Should I work on the size of the list? In my head I'd like something Optional_Modifier_Comparison and if it is not present assume eq as default.

    How must I treat optional eventually empty terms?

    I have put Die_Modifier_Comp ~ 'gt' | 'lt' but wonder if this is the way. Anyway I tried Die_Modifier_Comp ~ 'gt' | 'lt' | '' and it dies.

    3 - Returned structures

    I put :default ::= action => [name,values] and I see that my subs where I return a hashref are modified and the actual return structure is \["Dice_Expression", { die_type => "1d4", rolls => [2] }] if I remove name from the default action it eliminates the "Dice_Expression" part. Anyway a reference to an arrayref is returned and then I have to write ugly things like: $$$new[1]->{rolls}->[0]

    How can I use name in a profitable way? There is a way to simplify returned structures (well I can unwrap it at the begin of the sub..)?

    Below my actual code.

    Thanks for reading


    PS January 16 2021 I published A dice roller system with Marpa::R2

    There are no rules, there are no thumbs..
    Reinvent the wheel, then learn The Wheel; may be one day you reinvent one of THE WHEELS.
convert tags to punctuation
3 direct replies — Read more / Contribute
by Anonymous Monk
on Jan 12, 2021 at 19:49

    I have a large text file to process. When I view it with the 'more' filter I see a lot of these tags: <91> <92> <93> <94> <97> I can see from the context they are of a grammatical nature. Is there a nice way to convert these tags into punctuation marks etc?

Perl AJAX jQuery, js file
4 direct replies — Read more / Contribute
by monx663
on Jan 11, 2021 at 07:29
    This is not exactly a Perl question but, I'm using Perl as the backend programming language that creates HTML so...

    I am incorporating AJAX on a CMS written in Perl which has been stable for years. One of the backoffice pages of this CMS, shows a list of items that expose actions that can be carried out on this item. One of these actions is Activate/Inactivate. This is just an icon wrapped around that would call the right Perl script on the server and switch the items' status. I am trying to do this with AJAX/JSON jQuery inline, rather than enforcing a full page reload with the traditional href link to a CGI script.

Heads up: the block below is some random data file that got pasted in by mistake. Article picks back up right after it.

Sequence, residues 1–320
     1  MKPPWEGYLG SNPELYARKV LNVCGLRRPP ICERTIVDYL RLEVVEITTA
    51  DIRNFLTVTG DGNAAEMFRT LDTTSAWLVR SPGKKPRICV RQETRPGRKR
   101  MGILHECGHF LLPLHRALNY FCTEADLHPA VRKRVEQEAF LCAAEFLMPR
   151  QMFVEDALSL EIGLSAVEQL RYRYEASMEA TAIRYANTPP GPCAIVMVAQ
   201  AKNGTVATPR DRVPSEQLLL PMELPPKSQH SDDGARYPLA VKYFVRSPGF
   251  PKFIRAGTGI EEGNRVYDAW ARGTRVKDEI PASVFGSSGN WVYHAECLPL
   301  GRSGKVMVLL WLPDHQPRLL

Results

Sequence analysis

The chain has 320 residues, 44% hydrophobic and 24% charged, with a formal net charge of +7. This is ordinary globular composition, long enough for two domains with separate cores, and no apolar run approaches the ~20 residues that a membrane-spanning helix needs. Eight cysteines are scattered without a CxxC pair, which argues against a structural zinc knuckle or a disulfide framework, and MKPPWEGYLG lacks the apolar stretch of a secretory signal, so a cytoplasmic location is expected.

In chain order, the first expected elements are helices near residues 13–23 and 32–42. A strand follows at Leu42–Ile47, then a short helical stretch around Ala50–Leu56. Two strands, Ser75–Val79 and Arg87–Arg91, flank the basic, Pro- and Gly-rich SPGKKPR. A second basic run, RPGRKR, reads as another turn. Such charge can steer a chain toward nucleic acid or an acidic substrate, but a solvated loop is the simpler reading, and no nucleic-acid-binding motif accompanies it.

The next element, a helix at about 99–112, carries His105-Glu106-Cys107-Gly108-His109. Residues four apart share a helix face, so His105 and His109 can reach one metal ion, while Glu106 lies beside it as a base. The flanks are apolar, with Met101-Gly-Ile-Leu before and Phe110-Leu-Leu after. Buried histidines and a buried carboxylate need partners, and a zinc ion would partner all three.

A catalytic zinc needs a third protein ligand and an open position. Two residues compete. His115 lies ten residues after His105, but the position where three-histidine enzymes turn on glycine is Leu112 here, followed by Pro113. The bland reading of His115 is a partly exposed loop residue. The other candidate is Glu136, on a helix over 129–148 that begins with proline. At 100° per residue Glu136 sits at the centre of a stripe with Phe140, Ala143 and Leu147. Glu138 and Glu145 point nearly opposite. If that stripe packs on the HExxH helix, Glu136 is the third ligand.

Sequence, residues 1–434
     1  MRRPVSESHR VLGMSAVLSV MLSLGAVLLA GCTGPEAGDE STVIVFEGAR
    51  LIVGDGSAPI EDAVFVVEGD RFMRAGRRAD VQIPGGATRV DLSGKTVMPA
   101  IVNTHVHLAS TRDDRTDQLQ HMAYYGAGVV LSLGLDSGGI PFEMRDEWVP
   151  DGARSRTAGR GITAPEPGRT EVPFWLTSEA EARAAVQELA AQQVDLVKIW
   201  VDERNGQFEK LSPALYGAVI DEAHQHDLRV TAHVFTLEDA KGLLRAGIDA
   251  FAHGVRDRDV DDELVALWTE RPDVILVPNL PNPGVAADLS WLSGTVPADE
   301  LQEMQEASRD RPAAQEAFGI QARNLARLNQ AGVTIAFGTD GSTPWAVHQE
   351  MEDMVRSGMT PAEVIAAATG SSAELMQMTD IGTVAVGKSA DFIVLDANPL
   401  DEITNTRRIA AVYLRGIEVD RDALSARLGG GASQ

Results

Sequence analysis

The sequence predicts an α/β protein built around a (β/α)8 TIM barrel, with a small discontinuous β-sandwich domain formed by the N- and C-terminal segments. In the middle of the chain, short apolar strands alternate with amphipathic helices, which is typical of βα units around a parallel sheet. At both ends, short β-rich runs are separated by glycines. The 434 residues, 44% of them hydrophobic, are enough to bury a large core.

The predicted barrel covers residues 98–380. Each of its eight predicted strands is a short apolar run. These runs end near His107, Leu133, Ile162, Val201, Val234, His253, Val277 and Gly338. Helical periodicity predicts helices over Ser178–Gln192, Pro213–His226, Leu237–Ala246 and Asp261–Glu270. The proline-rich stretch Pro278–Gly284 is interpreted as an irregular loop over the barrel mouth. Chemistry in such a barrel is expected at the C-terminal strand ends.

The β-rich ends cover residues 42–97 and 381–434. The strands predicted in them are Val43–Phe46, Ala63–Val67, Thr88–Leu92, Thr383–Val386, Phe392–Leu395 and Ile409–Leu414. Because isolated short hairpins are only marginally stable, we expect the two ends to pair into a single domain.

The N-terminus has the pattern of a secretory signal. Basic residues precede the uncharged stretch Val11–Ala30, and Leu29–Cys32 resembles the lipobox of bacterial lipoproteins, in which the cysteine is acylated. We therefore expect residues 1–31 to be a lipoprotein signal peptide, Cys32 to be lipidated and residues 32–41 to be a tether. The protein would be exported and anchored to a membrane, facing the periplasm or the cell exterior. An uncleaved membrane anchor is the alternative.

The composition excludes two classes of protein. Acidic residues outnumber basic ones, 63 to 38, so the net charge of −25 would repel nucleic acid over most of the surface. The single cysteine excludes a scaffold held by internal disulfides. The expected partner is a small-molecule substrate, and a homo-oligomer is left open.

I have written a script on the server that responds to AJAX called with jQuery and completes the desired action and returns dynamic results that update the corresponding hardcoded (div2log) DIV element of the page that called it. <DIV id="div2log"></DIV>

    What I would like to do is include the JSON/jQuery stuff in a .js (Javascript) file on the server and only include references to this file where jQuery/AJAX is needed for any item.

    I have created a js file that contains:

          $.ajax({url: "/cgi-bin/", success: function(result){

    But I am not sure how to reference it, and pass it the params that I would have passed to a script using /cgi/ and I am not sure how to pass it the HTML ID of the DIV that it must update with the visual result of its action on the server.

    Does my question make sense?

Should non-filename glob() results still be tainted?
2 direct replies — Read more / Contribute
by kcott
on Jan 09, 2021 at 21:13

    The documentation for glob() has:

    "If non-empty braces are the only wildcard characters used in the glob, no filenames are matched, ..."

    In "perlsec: Taint mode", the long list of examples has (near the end):

    @files = <*.c>; # insecure (uses readdir() or similar) @files = glob('*.c'); # insecure (uses readdir() or similar) # In either case, the results of glob are tainted, since the list of # filenames comes from outside of the program.

    I'm an extremely infrequent user of glob(); however, I thought it could be useful in a test I was writing yesterday. The code looked something like this:

    #!perl -T use 5.032; use warnings; ... my @prefixes = qw{...}; my @suffixes = glob '{,x}{,y}{,z}'; ... for my $prefix (@prefixes) { for my $suffix (@suffixes) { my $name = join '_', $prefix, split //, $suffix; # run is(...) test with $name here } }

    I got a "tainted" message. This code fixed it:

    my $tainted_name = join '_', $prefix, split //, $suffix; $tainted_name =~ /^(.+)$/; my $name = $1; # run is(...) test with $name here

    I'm wondering if not tainting the values returned by a non-filename glob() would be a useful enhancement to Perl. I throw this open for discussion.

    — Ken

Is typeglob feature really useful?
4 direct replies — Read more / Contribute
by xiaoyafeng
on Jan 09, 2021 at 12:48

    As we all know, Perl support same name but different type, that means $foo and @foo could be both exist without any violation.

    This sounds a smart and nature feature, but from time to time, I suspect if it's useful. During my life, I've never defined 2 different type of variables with same name. Considering perl have to define a special(or maybe huge and complex ) data struct to store glob, if we discard this feature, maybe perl could be faster and simpler?

    Just a thought jump into my head, Please enlighten me. Thanks

    EDIT: modify title as LanX point out.

    I am trying to improve my English skills, if you see a mistake please feel free to reply or /msg me a correction